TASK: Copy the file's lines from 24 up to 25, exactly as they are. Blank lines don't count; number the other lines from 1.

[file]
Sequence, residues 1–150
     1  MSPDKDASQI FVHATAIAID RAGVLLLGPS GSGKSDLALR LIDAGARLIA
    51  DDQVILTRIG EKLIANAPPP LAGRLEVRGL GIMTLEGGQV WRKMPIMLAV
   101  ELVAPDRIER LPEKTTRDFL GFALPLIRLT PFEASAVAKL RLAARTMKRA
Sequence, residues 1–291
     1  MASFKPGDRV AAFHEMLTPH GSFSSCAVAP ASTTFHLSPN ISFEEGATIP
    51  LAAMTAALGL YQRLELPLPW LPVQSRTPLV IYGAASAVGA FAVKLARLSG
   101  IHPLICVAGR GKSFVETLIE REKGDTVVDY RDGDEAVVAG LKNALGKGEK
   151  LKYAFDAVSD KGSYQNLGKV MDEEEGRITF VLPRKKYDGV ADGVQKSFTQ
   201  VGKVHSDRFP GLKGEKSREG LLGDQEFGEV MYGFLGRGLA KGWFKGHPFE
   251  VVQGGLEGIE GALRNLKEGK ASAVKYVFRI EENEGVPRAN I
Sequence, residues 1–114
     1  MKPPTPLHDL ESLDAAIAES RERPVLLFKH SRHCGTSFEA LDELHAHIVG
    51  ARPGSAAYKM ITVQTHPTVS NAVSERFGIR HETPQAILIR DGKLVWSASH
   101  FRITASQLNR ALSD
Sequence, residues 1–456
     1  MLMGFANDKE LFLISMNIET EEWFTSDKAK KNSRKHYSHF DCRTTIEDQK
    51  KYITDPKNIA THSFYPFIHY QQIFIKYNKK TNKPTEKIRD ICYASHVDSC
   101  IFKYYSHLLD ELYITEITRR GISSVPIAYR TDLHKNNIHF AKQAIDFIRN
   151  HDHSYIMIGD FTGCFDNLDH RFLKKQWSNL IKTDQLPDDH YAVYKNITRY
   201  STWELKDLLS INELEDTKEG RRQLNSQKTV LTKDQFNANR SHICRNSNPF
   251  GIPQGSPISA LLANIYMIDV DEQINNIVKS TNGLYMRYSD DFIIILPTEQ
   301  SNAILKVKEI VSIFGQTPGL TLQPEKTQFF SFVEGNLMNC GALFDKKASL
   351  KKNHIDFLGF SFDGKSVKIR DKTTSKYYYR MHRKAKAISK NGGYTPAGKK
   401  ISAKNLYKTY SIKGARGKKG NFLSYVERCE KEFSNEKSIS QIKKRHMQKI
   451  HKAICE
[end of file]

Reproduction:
   351  KKNHIDFLGF SFDGKSVKIR DKTTSKYYYR MHRKAKAISK NGGYTPAGKK
   401  ISAKNLYKTY SIKGARGKKG NFLSYVERCE KEFSNEKSIS QIKKRHMQKI